10. The method of forming a V-groove metal oxide field effect transistor as in claim 8 in which said source-body contact is formed by forming a second window of predetermined width in said oxide mask whereby during said etching a second V-groove is formed extending through said second region into said first region of said second window and providing a metal layer in said second V-groove to contact the first and second regions.
This invention relates generally to a metal oxide semiconductor field effect transistor (MOSFET) and more particularly to a V-groove metal oxide semiconductor field effect transistor (V-MOSFET).
MOSFETs of planar construction have been used as integrated circuit elements. That is, the device includes a body of semiconductor material of one conductivity type with spaced inset regions of opposite conductivity type forming source and drain regions with the junctions extending to the surface of the device and defining therebetween a channel region.
One problem with planar devices of the type described is that a large surface area is required for making surface contact to the source and drain regions. Another problem encountered with such circuits has been the control of spacing between the inset regions of opposite conductivity type to achieve small spacing therebetween, that is, short channels.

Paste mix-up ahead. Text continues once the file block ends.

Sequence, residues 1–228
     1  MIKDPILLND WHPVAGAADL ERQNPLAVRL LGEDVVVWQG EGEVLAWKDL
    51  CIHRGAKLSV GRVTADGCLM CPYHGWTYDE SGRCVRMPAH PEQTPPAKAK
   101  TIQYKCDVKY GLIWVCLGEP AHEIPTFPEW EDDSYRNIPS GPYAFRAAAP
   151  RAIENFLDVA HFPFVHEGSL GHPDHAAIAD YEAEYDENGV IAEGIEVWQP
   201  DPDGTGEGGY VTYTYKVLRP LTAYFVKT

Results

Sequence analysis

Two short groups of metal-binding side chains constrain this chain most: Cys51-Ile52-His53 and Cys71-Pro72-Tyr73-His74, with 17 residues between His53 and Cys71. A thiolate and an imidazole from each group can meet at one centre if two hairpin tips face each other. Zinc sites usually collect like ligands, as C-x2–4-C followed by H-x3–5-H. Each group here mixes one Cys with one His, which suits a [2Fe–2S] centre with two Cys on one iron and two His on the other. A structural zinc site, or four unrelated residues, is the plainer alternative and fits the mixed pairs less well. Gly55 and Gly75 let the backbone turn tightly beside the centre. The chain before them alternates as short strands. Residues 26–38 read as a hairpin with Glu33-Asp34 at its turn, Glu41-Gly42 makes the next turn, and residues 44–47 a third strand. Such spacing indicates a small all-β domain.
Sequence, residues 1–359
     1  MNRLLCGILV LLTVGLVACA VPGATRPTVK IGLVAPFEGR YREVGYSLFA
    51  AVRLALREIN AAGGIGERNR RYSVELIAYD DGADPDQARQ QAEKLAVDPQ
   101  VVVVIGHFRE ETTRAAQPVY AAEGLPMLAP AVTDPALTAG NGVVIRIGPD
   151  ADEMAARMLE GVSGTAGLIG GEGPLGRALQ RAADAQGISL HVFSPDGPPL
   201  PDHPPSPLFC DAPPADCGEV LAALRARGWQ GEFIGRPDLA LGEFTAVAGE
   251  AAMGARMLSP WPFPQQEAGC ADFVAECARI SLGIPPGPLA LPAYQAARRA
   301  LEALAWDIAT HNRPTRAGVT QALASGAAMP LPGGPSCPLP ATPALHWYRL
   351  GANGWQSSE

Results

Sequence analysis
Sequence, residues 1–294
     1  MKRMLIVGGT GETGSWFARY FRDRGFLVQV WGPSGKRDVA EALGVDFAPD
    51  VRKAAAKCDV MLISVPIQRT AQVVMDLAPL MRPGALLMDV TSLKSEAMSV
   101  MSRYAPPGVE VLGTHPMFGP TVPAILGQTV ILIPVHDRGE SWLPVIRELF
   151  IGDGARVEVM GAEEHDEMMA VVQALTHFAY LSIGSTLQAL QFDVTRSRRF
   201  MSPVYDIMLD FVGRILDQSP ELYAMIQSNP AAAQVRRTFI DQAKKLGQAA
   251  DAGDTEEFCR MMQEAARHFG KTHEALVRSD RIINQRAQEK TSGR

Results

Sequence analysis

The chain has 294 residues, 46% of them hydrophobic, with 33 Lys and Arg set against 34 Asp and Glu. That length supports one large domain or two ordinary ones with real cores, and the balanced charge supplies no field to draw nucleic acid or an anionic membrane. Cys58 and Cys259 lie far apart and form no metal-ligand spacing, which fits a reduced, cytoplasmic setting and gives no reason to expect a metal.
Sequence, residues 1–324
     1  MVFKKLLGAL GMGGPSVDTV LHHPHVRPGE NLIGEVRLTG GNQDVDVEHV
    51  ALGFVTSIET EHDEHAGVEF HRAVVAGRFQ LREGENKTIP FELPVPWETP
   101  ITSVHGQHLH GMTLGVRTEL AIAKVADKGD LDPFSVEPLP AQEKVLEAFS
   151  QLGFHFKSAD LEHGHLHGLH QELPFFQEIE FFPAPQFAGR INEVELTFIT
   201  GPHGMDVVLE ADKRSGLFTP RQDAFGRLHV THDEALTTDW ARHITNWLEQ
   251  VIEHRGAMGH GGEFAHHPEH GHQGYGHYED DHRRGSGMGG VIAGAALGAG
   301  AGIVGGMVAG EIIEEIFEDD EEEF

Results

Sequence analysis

An improvement has been the V-MOSFET. In this transistor the channel length is controlled by the difference in depth of two insert regions of opposite conductivity type diffused into a body of semiconductor material of a conductivity type opposite to the conductivity type of the first inset region and of the same conductivity type of the second inset region. A V-groove is formed in the body and extends through the two junctions formed by the two insets. An insulating layer is deposited over the surface of the groove and carries the gate electrode. The channel length is controlled entirely by controlling diffusion of the inset regions. In the prior art planar source and drain contacts are made to the inset and body region. Where VMOS transistors are manufactured as part of integrated circuits the semiconductor body is designated as common source electrode and the inset regions of like conductivity as the body are designated individual drain electrodes. A fourth electrode is connected to the inset region of opposite conductivity type as the semiconductor body and is the back gate electrode. In integrated circuits the back gate electrode is used to provide substrate to source bias.